Pain Psychologist Joins TSET Health Promotion Research Center
Published: Tuesday, November 2, 2021
Desiree Azizoddin, PsyD, a behavioral scientist and pain psychologist, recently joined TSET Health Promotion Research Center (HPRC) at the University of Oklahoma Health Sciences Center.
Azizoddin will be conducting research which focuses on developing technology-based and novel behavior pain management interventions for cancer patients who use opioids. She is primarily interested in identifying and treating psychological factors that impact chronic disease outcomes centered around pain and opioids.
Azizoddin joins HPRC following her appointment as a research scientist at Brigham and Women’s Hospital and the Dana-Farber Cancer Institute (DFCI) with an appointment at Harvard Medical School. She graduated from the University of California, Irvine, with a bachelor’s degree in psychology and social behavior. She received her master’s degree and doctorate in clinical psychology from Loma Linda University in California. She completed her behavioral medicine clinical internship at Jesse Brown VA Medical Center in Chicago, a clinical fellowship in pain psychology at Stanford University Medical Center, and a research fellowship in psychosocial oncology and palliative care at DFCI and Harvard Medical School, Boston.
Azizoddin is the principal investigator of a grant awarded by the National Institutes of Health titled, “Leveraging mHealth to deliver integrated pain-CBT, opioid monitoring, and self-management support for advanced cancer patients coping with chronic pain.” The goal of this study is to adapt pain-focused cognitive behavioral therapy (pain-CBT) for patients with advanced cancer pain and to integrate this treatment with opioid medication support using mobile health delivery (mHealth).
“Patients with advanced cancer suffer with significant pain need brief and accessible treatments to help manage their pain,” Azizoddin said. “I plan to adapt core components of pain-CBT and integrate them into an existing National Institute of Nursing Research-funded cancer pain mHealth intervention.”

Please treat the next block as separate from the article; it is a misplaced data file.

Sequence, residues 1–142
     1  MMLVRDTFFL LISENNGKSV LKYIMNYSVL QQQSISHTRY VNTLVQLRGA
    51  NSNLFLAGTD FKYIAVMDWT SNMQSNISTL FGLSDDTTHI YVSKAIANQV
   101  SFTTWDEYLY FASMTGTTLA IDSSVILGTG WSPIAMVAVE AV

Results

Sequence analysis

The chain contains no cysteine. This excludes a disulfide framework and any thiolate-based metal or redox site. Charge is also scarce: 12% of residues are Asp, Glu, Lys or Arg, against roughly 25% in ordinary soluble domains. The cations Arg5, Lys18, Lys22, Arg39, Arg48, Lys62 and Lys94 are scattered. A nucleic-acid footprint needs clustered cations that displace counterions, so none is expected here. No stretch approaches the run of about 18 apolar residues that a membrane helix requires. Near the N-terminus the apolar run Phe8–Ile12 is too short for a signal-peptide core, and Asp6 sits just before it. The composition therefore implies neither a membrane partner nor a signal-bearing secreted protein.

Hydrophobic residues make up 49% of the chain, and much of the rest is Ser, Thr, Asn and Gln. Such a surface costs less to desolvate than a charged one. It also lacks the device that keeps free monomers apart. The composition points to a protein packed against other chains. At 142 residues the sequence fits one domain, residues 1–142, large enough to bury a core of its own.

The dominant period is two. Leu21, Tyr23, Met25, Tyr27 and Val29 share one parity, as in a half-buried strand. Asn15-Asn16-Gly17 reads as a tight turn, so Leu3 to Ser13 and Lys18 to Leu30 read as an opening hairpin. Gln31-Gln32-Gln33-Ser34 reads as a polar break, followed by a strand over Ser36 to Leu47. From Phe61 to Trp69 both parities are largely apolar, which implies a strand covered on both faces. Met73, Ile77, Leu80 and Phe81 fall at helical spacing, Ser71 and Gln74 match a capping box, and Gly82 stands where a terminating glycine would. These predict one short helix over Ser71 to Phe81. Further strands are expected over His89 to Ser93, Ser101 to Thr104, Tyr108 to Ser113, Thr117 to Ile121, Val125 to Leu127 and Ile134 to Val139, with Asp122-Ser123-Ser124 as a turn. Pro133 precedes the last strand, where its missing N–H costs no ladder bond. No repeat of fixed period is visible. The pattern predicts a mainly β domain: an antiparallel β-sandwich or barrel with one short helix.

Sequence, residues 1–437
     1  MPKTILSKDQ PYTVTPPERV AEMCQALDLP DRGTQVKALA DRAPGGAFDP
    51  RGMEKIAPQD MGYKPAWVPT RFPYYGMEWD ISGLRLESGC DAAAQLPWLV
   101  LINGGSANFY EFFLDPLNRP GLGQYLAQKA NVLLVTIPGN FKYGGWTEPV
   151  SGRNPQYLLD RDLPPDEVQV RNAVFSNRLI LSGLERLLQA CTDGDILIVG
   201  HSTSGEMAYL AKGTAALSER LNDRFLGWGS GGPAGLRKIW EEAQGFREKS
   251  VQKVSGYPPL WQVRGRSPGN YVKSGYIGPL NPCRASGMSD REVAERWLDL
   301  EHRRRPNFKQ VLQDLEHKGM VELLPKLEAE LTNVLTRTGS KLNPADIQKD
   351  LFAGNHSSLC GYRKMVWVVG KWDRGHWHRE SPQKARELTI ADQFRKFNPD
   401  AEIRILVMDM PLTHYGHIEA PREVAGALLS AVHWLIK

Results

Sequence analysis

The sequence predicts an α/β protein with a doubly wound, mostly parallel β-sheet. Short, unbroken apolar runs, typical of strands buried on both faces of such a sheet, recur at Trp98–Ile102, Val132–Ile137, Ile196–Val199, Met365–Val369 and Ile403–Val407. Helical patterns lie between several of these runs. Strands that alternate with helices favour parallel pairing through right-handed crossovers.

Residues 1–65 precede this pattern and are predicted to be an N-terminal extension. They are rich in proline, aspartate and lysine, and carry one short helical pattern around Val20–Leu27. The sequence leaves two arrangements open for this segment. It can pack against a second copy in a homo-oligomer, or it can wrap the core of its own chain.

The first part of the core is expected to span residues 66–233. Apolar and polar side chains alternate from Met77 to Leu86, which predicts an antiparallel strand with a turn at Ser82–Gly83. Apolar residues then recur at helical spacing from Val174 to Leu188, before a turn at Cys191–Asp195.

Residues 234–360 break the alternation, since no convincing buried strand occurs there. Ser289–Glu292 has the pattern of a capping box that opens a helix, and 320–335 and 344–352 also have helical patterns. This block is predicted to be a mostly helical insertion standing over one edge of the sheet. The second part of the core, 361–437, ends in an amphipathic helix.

Smartphone Technology to Alleviate Malignant Pain (STAMP) is a patient-facing smartphone application that supports symptom and medication tracking, delivers tailored education and advice, and includes proactive outreach. Azizoddin was involved in the development of the STAMP app with her mentor, Dr. Andrea Enzinger, during her fellowship at DFCI. “With mentored support, I have a strategic opportunity to augment and refine this application to add pain-CBT, including pain psycho-education, brief behavioral exercises, and adaptive self-monitoring,” Azizoddin said.
Azizoddin’s study has the potential to improve support for cancer patients as they self-manage chronic pain. STAMP+CBT offers a promising strategy to adapt psychological pain interventions for cancer patients using the HPRC mHealth platform to deliver medically oriented self-management support in conjunction with simulating the therapeutic experience of pain-CBT.
This research is primarily supported by the National Cancer Institute with additional support from the National Palliative Care Institute Kornfeld Scholars Program Award. Azizoddin will conduct the research in collaboration with co-investigators at the Dana-Farber Cancer Institute and Brigham and Women's Hospital.
The HPRC receives funding from the OU Health Stephenson Cancer Center via an NCI Cancer Center Support Grant (P30CA225520) and the Oklahoma Tobacco Settlement Endowment Trust contract number R22-02.